“You’re welcome. Thank you for standing up for what’s right,” Aiden replied, giving each a gentle kiss.
With Inez, he got more than just a little kiss in return. Both realized it wasn’t the venue for such a thing, but she couldn’t help it. He promised to call her, and the girls also went to the buffet.
Finally, the line ended and they were able to get some food. Several of the ladies had set aside special tidbits for them, knowing they would disappear quickly. The buffet was hosted by the Council of Catholic Women. The family made sure to thank them for their kindness and generosity.
“It’s the least we can do for a lost lamb,” the president, Mary, said. “When Barry told us the circumstances, we couldn’t say no.”
It was finally time to go. The family, with Eoin, drove home. Changing into more comfortable clothing, they sat in the living room together. Fred brought out a bottle of wine that looked somewhat old and dusty.
“I had planned to save this to celebrate Aiden’s twenty-first birthday, but I think we need it now. I am a firm believer in celebrating someone’s life, after mourning their passing. We’ve had the sorrow of the day, now the joy.” He poured each of them a glass, including the two younger boys. “To Wendy. You touched our lives in many ways, whether you knew it or not. Your love, gave us a beautiful granddaughter. Your death brought us closer together. We mourn you, daughter, but delight in you as well. May you find peace that you didn’t know in this life.” He raised his glass.
The all clinked glasses before sipping the wine. It was a good vintage, a lovely, mellow white wine. Fred gazed down into his glass after taking his first sip.
“I bought this the day we found out we were going to be parents. From the beginning, I knew it was a boy. I have no idea how. I had a name picked out, and I was lucky Deirdre liked it. I wanted to name my first born son after the best man I knew, my grandfather, Aiden Stewart Partridge. He came to this country as a boy, with his mother and younger brother. His mother wasn’t well, so he was the one who found work, supporting them. He worked tirelessly until the day he died, providing for his family. If you will bear with me a moment more, to my grandfather.”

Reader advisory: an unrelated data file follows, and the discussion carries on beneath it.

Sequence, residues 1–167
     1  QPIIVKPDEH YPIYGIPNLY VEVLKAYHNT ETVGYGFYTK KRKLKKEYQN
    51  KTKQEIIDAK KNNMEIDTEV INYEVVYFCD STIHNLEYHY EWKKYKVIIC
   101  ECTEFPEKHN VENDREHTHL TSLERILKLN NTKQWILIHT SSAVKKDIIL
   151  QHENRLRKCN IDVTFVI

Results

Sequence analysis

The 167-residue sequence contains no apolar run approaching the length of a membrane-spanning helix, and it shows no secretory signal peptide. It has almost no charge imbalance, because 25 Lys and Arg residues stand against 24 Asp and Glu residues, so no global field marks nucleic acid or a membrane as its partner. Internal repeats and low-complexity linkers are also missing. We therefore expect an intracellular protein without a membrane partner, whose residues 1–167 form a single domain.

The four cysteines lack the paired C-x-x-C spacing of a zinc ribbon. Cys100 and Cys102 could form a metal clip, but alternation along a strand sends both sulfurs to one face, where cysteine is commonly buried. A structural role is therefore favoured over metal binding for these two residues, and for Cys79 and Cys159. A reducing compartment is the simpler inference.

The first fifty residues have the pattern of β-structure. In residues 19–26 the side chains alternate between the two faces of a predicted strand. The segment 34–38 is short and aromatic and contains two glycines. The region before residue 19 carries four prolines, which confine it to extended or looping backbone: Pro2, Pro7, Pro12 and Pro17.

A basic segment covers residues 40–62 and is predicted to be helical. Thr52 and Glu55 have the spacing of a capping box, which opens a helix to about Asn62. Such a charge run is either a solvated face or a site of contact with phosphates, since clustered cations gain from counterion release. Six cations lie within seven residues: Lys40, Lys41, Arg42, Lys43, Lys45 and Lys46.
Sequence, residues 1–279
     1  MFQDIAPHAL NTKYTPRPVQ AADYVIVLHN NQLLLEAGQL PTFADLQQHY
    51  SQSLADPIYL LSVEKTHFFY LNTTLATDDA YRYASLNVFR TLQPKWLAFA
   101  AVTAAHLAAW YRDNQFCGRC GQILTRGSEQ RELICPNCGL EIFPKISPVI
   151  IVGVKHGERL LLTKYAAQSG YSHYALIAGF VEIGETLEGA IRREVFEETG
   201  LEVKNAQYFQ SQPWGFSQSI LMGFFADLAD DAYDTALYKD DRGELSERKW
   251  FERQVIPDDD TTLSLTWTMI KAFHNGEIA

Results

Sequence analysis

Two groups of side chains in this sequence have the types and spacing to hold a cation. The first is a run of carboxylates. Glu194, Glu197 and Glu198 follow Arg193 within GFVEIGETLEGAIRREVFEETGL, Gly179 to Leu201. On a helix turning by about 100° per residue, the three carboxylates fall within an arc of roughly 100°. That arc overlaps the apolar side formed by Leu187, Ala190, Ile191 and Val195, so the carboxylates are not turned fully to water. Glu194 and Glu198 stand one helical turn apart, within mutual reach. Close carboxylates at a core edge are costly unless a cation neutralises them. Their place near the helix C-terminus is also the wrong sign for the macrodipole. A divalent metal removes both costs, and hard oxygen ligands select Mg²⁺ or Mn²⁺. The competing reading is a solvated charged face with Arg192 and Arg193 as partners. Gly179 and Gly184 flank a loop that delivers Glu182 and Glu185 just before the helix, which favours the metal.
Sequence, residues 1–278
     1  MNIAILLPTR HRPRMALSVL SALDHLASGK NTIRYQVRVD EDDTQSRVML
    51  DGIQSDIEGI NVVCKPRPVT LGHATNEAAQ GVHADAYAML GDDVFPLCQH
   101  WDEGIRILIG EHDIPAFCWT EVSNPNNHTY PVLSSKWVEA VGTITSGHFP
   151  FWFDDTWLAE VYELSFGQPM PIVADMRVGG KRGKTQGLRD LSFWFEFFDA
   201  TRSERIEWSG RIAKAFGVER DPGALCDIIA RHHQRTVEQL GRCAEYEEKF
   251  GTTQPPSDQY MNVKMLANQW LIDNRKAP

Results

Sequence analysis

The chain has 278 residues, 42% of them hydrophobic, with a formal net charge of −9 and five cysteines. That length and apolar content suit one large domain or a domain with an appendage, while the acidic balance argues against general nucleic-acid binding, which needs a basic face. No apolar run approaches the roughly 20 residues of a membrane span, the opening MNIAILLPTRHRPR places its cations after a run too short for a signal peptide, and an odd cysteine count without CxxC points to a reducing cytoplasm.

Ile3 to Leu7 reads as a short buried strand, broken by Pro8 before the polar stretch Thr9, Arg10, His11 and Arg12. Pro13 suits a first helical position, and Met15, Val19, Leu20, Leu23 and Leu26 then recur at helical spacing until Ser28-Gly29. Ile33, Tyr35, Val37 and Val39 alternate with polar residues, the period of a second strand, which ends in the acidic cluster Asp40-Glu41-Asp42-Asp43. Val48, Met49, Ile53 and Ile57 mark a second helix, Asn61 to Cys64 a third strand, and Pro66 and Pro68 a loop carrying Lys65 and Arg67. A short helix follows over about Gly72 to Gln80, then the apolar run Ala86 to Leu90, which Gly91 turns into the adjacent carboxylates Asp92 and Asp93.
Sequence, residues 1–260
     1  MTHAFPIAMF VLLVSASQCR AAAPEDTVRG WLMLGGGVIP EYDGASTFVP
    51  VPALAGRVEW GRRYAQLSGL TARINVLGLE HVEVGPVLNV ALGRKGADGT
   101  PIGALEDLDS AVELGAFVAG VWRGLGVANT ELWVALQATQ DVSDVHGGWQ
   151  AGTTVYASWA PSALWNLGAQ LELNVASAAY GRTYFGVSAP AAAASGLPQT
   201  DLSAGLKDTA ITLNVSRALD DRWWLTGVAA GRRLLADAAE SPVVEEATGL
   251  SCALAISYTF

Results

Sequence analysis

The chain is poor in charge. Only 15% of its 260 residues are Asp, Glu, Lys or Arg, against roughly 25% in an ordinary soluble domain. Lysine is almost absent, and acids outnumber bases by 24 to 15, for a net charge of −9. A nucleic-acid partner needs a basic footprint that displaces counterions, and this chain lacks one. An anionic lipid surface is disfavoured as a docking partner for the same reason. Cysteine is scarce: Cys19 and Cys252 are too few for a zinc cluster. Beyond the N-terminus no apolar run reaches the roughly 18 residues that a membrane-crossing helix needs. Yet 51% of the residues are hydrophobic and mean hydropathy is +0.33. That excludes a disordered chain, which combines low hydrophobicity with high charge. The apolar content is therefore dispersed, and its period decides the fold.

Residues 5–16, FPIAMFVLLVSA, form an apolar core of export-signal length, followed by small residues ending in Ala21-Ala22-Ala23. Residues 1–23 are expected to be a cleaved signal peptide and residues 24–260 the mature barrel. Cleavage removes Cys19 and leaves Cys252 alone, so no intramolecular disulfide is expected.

They toasted his grandfather as well. After that, the mood lightened and they told funny stories about Wendy and Granda Aiden. He had been around when Aiden was young, and he remembered the old man fondly.
The stress of the morning finally caught up with Deirdre and she went to bed. When she woke later she heard voices, more than she’d anticipated. Not quite feeling up to a houseful of company, for the first time in years, she made her slow way to the living room. She found Vanessa and Dario, along with Fonda and Inez. Not a bad crowd, she could handle that.
Fred brought her water and a pain pill once she was settled in the recliner. Eoin fussed, doing his own impression of a mother hen, and she had to laugh at him.
“I didn’t get a chance to meet the young ladies,” she said, smiling at Fonda and Inez. She didn’t miss how close the girls were sitting to Aiden and Eoin, but it didn’t bother her.
Aiden made the introductions.
“It was their testimony that helped get the search warrants,” Vanessa explained. “But that’s not why we’re here.”
“We know you have a lot of food already,” Fonda said. “But we really wanted to thank you, and this is the only way we know how. Despite our mothers’ shortcomings, they insisted that it wasn’t a true thank you celebration without food. So we made a comfort meal.”
Once they were all seated at the table, the girls served heaping bowls of mashed potatoes, parsnips and butter beans. Along with these side dishes, they served the best fried chicken any of them had tasted. This wasn’t the Colonel, or Publix deli, they had made it themselves.
“My granny taught me how to fry chicken before I got my first bra,” Fonda said, unashamedly. “The secret, she says, is cooking in cast iron. I don’t know if that’s true, but I don’t use anything but the deep skillet she gave me when I was ten.”
Inez set two platters, mounded with flaky biscuits, in front of them. “My grandmother insisted that every girl had to know how to make biscuits. While Fonda friend chicken, I mixed biscuits until I could do it in my sleep.”
“Mine are never this light,” Deirdre said.
“You could pave a road with them,” Fred said, earning himself a punch in the ribs. “I’m telling the god’s truth, woman,” he laughingly complained.
“Which is why we have Pillsbury,” she countered. “I know my weaknesses. This is absolutely delicious. Thank you.” She genuinely liked the girls, and felt that her two oldest boys, that being Aiden and Eoin, were in good hands. “At least I know they won’t starve,” she teased.
© 2019 Dellani Oakes
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